Doomsday Clock #1
Geoff Johns (Writer), Gary Frank (Artist), Brad Anderson (Colorist), Rob Leigh (Letterer), Amedeo Turturro (Associate Editor) Brian Cunningham (Editor)
November 22, 2017
Geoff Johns and Gary Frank take us back to the world of Watchmen, several years after the ending of that story, and leave us with more questions than answers in the first issue of this limited series. Much like Watchmen before it, this series opens as a mystery, one that will take many issues to unravel.
Doomsday Clock was entertaining, but didn’t do as much for me as Dark Nights: Metal did with its first issue. While I trust Geoff Johns to deliver a good story, I’m pretty over Watchmen. The bits of the mystery we see in this first issue do intrigue me enough to keep me interested, but the issue was more Watchmen than DCU, and I’m more invested in their interactions than in continuing to see the world of Moore and Gibbons. Watchmen is a property that has been mined over and over, against the wishes of its creators. It is never out of print, there’s been a movie, there’s been a motion comic, there’s a TV series in the works. There were the prequel comics. It’s a world that I enjoyed once, but as it saturated everything around it, it became less unique and less fun. While I understand the narrative choice to open this way, it’s not the thing I’m looking forward to with this series.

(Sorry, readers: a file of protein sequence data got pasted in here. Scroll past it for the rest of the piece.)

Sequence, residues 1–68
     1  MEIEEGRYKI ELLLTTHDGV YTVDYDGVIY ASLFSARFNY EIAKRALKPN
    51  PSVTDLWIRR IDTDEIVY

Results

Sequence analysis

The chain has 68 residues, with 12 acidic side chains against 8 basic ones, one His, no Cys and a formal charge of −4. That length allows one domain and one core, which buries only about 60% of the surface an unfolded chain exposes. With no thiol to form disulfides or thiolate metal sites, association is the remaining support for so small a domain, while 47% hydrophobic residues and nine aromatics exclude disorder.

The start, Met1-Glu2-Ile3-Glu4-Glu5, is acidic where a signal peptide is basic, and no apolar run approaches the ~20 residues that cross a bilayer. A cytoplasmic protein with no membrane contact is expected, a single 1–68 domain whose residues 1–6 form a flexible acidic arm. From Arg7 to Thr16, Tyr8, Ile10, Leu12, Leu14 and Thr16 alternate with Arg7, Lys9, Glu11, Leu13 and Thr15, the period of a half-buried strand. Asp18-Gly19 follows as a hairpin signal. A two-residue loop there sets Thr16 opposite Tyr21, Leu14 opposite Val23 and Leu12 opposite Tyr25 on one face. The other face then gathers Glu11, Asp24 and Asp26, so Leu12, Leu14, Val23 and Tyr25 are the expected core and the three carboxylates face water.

On that note, the series opens seven years after the events of Watchmen, and gives us a familiar and unexpected narrator. Rorshach is still around, which is part of the overall mystery of the book. Ozymandias’s plan did not do what he hoped it would, and the world is in rougher shape than it had been even before he caused mass devastation in New York.
My biggest problem was the way this book tackles social issues, using the “both sides are wrong” narrative. The only saving grace for this idea, is that the person doing that blaming is a remarkably unreliable narrator, but it’s still a choice that was made by Johns. It’s also a weird choice to have the politics of the Watchmen Earth and our Earth to be so structurally similar, even though the story is set 25 years ago. There’s a celebrity president who’s golfing too much. There are accusations of collusion. There are hostilities with North Korea. It seemed to me that Johns was trying to be both apolitical and political at once with this book, and that’s not really something you can do with Watchmen. The original work was inherently political, so to tell this story right, you should be as well. Don’t try to play both sides, it will come off feeling clumsy.
Gary Frank and Brad Anderson do a good job of making these characters feel as though they haven’t changed. Part of that has to do with the utilization of Gibbons’ nine panel grid for a lot of the book, with some changes when it was needed for story reasons.
The two new characters were interesting additions to the universe, and I’m looking forward to seeing more from them as the series progresses.
All in all, Doomsday Clock #1 was a solid read, though underwhelming compared to the first issue of Dark Nights: Metal, DC’s other major event. While that comic hooked me from the word go, Doomsday Clock just has me mildly interested in seeing where it goes.